Keep your working dog’s mind and body engaged with regular training, exercise and interactive play!
Working dogs make fantastic pets! But these highly intelligent, active dogs need to keep their bodies and minds engaged or risk developing unwanted behaviors. Whether your four-legged friend is a shepherd, a hound, or part of another working class, it’s up to you to help him meet these requirements. Luckily, there’s plenty of fun involved – for you both!
Understand your dog’s lineage
Do you know about your dog’s breed? Satisfying your working dog’s instincts begins with understanding how his breed was developed and knowing about its original purpose. Were your dog’s ancestors trackers? Did they hunt and catch prey? Were they flock guardians with speed, intelligence, and agility all wrapped into one energetic body?
If your dog is a mixed breed, he’ll still exhibit traits from his working ancestors. With this in mind, it’s a very good idea to learn all you can about the breeds that contributed to your one-of-a-kind pet! If you’re not certain of lineage but you’re desperate to find out, a dog DNA test can help.
Set your working dog up for success
Once you have a sense of how your working dog’s instincts drive his behavior, it’s time to teach some skills. For instance, you can teach your hound or German shepherd how to play games of hide and seek, or let your high-energy sight breed go after balls or frisbees.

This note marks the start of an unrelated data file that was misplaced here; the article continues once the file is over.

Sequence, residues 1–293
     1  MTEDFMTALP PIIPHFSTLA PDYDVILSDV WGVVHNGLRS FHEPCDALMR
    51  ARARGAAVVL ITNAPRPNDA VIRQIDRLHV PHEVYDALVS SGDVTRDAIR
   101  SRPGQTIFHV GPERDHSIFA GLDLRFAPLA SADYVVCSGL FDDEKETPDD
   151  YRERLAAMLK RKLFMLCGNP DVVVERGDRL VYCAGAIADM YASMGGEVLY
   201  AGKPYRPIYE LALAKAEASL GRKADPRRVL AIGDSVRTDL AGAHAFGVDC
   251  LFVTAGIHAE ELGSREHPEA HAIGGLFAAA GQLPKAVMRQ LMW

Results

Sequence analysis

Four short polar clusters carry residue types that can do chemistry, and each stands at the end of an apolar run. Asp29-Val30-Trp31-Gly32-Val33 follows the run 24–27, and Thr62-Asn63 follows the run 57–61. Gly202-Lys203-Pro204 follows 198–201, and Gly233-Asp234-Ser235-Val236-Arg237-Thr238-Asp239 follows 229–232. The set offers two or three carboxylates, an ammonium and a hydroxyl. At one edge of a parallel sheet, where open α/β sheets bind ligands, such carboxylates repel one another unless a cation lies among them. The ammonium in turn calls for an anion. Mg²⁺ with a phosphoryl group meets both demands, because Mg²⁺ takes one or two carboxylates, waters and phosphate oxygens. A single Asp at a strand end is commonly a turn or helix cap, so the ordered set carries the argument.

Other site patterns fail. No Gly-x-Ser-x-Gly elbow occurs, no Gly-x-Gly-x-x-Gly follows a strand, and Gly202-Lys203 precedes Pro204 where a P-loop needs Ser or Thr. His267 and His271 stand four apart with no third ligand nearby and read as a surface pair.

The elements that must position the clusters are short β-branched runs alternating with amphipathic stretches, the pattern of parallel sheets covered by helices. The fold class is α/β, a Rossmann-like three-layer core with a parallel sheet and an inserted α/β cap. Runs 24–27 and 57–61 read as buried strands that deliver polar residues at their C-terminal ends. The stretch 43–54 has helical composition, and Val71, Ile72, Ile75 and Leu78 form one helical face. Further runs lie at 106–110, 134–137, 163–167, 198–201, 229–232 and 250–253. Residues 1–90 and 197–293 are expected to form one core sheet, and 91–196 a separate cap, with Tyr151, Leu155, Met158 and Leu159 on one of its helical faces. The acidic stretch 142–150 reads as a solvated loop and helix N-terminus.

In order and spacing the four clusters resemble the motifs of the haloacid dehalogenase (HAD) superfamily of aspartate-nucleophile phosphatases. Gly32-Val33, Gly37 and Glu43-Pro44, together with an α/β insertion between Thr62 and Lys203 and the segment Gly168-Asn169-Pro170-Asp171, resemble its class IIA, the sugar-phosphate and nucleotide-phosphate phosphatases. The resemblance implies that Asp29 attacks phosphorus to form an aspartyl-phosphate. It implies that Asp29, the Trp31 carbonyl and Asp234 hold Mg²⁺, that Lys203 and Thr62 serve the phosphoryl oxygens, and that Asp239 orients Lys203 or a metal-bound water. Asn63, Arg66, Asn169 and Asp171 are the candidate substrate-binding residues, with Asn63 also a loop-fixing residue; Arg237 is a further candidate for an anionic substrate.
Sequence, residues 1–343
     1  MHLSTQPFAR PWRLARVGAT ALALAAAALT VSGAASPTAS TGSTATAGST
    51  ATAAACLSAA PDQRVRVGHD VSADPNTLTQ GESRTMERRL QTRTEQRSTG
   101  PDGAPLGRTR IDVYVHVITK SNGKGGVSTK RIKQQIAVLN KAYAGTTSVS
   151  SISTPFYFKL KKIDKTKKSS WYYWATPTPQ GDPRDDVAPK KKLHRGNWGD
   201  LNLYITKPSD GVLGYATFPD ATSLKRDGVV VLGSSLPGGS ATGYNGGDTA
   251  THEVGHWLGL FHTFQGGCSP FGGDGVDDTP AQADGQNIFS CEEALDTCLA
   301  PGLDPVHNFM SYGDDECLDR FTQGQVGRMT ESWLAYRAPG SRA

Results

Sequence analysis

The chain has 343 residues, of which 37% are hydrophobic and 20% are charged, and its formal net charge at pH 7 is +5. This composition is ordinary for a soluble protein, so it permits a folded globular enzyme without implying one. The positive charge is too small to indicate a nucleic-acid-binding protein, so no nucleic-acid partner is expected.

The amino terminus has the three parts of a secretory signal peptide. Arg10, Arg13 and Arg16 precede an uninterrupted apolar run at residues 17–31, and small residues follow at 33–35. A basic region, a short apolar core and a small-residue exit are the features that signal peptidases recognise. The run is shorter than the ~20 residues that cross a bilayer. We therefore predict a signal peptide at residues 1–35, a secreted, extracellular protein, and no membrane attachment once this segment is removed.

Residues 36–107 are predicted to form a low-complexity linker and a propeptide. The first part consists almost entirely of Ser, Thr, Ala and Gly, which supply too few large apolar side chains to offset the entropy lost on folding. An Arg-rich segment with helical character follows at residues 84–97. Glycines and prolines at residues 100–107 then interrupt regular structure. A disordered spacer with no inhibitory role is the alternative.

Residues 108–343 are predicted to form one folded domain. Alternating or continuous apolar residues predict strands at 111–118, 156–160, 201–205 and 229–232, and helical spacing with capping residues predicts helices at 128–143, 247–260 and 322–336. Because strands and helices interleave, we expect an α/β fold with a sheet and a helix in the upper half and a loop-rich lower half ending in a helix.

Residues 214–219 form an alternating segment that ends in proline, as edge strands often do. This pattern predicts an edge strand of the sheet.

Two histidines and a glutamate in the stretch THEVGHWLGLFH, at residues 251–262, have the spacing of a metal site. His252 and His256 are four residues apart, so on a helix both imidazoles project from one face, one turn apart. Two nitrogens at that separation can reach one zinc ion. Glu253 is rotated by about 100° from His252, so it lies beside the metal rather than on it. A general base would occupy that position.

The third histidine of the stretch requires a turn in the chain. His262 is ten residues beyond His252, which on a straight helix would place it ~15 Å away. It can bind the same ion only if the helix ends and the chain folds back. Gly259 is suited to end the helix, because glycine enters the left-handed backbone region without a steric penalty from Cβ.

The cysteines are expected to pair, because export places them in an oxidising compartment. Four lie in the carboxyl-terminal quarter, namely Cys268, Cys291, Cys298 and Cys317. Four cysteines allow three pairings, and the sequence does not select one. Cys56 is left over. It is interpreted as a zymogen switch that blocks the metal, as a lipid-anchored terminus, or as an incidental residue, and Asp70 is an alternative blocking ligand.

If you’re interested in taking things a step further by competing with your dog or enrolling him to play games in a group environment, consider any of the following working dog sports:
- Lure coursing for sighthounds; this game takes place on a track, where a mechanical rabbit runs in circles.
- Tracking for scent hounds; you and your dog might even decide to join your local search and rescue team.
- Earth dog trials for terriers, consisting of searching for, finding, and barking excitedly at a caged rodent.
- Skijoring, sledding, or cart pulling for big working dogs that were bred to pull.
- Dock jumping for bird dogs such as Golden Retrievers, and other breeds that live for the opportunity to swim and fetch.
- Agility for nearly any dog that loves to run, learn and earn rewards.
In case none of these are available in your area, obedience training is a great option for all dogs. You might even consider getting your dog’s canine good citizenship certification so that the two of you can participate in community events or volunteer to visit with people who are hospitalized or living in retirement communities.
Reap the rewards
When you take steps to satisfy your working dog’s instincts, both of you win. Your dog receives the mental stimulation and physical activity required for overall wellbeing. At the same time, you have a pet that’s more relaxed at home – and a lot of fun to spend time with!
Emma Williams is a professional writer and pet parent who has written for big publishers including Canadian Dogs Annual, The Telegraph, Home Beautiful and Marriage.com. She enjoys sharing her knowledge on pet health, lifestyle topics and pet behavior.